In an earlier meeting, the Harlandale Board disagrees with a report from the Texas Education Agency in its recommendation of a state appointed board of managers.
The Texas Education Agency has chosen to replace Harlandale Independent School District trustees with a board of managers and a conservator. Credit: Bonnie Arbittier / San Antonio Report

The Harlandale Independent School District this week said it disagrees with a preliminary report from the Texas Education Agency that recommends overhauling the school board and district administration.

TEA in mid-November issued the initial report following a lengthy investigation into claims of improper district governance and contract procurement as well as nepotism.

The state agency recommended downgrading Harlandale ISD’s accreditation, appointing a board of managers to replace the elected board of trustees, and appointing a conservator to supervise district administration.

On Thursday, Harlandale ISD issued a press statement rebutting the agency’s findings and recommendations in a 65-page response. The district slammed TEA’s proposal for a conservator and a board of managers, saying such a recommendation is “inappropriate, grossly excessive and violates basic democratic rights of those elected and those that elect.”

Among other things, HISD officials claimed TEA’s conclusion that purchasing and procurement laws were violated “is incorrect and based upon misapplied legal requirements.”

“All procurement activities reviewed by TEA involved the acquisition of professional engineering services,” the press statement read. “The procurement of professional services is governed by different statutes and rules than those applied by TEA. TEA’s own purchasing manual supports the district’s position. Harlandale ISD was at all times in full compliance with the laws governing the procurement of professional services.”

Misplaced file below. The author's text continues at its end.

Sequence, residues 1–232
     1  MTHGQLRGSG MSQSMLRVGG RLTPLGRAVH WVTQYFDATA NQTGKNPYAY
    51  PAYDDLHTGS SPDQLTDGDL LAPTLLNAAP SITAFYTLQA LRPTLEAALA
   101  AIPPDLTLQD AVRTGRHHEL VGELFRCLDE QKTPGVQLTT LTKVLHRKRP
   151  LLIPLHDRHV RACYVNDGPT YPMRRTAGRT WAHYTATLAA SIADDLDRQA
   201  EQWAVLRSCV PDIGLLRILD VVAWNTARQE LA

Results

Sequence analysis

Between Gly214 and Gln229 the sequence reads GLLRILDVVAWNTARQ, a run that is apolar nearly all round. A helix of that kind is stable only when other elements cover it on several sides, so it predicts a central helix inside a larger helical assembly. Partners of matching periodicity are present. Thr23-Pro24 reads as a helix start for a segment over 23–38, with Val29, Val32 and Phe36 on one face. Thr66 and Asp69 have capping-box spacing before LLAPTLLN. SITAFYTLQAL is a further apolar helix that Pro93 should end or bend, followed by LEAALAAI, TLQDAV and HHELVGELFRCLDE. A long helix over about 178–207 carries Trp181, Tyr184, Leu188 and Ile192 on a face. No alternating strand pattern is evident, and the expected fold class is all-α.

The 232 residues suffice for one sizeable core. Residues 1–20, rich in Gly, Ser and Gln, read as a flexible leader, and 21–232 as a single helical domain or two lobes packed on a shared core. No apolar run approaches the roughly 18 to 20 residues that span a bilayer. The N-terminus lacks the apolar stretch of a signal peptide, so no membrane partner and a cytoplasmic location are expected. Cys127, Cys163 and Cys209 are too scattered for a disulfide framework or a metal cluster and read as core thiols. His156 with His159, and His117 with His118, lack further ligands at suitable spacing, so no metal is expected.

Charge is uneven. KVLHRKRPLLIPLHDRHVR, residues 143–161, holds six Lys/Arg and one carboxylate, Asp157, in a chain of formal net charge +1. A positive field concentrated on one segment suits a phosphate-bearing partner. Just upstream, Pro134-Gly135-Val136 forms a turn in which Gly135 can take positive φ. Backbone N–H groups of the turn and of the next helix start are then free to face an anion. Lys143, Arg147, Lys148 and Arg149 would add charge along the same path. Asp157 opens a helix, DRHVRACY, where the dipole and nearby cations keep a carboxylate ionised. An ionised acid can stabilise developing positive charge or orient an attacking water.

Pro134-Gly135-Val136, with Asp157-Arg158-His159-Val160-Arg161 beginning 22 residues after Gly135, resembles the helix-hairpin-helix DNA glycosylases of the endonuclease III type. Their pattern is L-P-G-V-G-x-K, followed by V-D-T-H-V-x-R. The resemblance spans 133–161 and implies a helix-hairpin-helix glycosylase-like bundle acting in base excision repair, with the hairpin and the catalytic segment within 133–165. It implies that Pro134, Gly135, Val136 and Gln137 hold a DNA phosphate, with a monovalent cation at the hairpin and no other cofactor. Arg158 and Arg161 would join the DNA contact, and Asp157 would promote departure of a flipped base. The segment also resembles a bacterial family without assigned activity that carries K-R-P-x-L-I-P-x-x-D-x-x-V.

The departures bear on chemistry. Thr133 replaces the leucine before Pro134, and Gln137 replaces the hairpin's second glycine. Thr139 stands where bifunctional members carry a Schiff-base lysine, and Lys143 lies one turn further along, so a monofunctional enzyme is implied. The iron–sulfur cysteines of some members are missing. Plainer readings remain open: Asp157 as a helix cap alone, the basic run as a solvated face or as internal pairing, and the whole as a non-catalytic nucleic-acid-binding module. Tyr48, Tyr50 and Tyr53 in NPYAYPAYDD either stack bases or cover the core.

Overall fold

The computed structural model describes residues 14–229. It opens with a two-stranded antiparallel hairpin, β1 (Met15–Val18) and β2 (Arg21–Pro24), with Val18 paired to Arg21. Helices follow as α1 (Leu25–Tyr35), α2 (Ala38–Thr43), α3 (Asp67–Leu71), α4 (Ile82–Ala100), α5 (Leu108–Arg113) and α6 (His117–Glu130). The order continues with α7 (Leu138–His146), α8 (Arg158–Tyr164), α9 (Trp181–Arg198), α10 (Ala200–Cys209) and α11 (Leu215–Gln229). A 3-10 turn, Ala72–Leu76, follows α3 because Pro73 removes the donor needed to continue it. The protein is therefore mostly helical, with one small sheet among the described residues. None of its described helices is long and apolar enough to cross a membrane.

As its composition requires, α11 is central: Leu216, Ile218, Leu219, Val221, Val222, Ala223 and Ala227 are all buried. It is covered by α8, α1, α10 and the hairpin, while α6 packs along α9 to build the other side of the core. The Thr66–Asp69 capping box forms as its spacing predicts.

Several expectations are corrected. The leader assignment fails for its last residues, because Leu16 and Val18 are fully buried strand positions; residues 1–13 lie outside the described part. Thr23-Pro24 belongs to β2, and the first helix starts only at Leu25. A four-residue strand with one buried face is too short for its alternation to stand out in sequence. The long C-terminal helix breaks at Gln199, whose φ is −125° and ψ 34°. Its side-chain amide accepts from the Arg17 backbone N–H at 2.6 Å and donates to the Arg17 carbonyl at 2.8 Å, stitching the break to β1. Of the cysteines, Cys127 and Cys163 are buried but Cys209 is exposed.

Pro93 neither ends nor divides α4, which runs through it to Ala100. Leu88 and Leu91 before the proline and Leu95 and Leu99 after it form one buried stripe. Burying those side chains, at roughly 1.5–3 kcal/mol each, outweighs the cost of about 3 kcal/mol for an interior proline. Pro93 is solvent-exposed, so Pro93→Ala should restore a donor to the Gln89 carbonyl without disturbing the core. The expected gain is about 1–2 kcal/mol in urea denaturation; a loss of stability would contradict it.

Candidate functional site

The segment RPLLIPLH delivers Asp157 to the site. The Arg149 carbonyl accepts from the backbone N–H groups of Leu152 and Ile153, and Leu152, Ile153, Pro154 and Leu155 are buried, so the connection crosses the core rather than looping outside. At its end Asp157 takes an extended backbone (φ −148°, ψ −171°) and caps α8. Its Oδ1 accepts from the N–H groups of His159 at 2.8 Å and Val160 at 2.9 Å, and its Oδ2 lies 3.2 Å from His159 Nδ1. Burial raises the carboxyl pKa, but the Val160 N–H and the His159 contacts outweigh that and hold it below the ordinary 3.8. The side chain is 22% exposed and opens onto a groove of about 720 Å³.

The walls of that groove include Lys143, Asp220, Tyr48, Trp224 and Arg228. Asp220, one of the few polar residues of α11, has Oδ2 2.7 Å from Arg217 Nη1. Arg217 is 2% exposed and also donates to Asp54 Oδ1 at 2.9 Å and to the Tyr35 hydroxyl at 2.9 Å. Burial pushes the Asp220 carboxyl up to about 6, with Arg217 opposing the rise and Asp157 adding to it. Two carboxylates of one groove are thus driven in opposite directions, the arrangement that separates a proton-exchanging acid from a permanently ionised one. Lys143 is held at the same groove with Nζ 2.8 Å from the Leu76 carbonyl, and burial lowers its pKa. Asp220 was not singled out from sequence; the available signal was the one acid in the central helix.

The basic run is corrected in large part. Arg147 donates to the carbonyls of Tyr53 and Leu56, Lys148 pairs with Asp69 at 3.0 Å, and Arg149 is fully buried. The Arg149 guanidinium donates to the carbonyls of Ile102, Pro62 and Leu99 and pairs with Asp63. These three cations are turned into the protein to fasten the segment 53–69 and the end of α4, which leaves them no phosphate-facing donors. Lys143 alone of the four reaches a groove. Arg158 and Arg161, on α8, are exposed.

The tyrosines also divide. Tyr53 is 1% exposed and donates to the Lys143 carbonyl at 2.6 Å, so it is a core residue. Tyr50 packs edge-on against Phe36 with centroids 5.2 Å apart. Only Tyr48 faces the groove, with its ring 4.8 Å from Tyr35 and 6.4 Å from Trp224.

Harlandale officials said consecutive “superior” ratings in the State’s Financial Integrity Rating System of Texas demonstrates that the school board has been providing sound supervision of the school district’s fiscal affairs.

HISD also disagreed with TEA’s assertion that the school board failed to oversee or give approval on district purchasing activities. “Harlandale ISD has provided TEA numerous meeting minutes which confirm board approval of all purchasing activities discussed in the preliminary report,” the release stated.

District officials said allegations that trustees have interfered with administrative operations are unfounded.

“Harlandale trustees, like those of any other district in Texas, are obligated by law to provide broad oversight of district affairs,” the release read. “Trustee requests for information are not violations of law.”

Harlandale officials also said there’s no evidence to support complaints that board discussions about repairs at Gillette Elementary School created disharmony among trustees. District officials added the complaints here “stem from TEA’s failure to study or understand the underlying engineering issues and repairs.”

Additionally, Harlandale officials said the preliminary report did not substantiate charges of nepotism or illegal hiring.

HISD officials went on to make a counter-claim that TEA’s investigation into district governance that began in August 2017 exceeded the agency’s authority. “These include initiating and expanding its investigations without proof of commissioner approval,” the release stated.

Exhibits and files backing up Harlandale ISD’s response to TEA’s preliminary report are available here.

Edmond Ortiz, a lifelong San Antonian, is a freelance reporter/editor who has worked with the San Antonio Express-News and Prime Time Newspapers.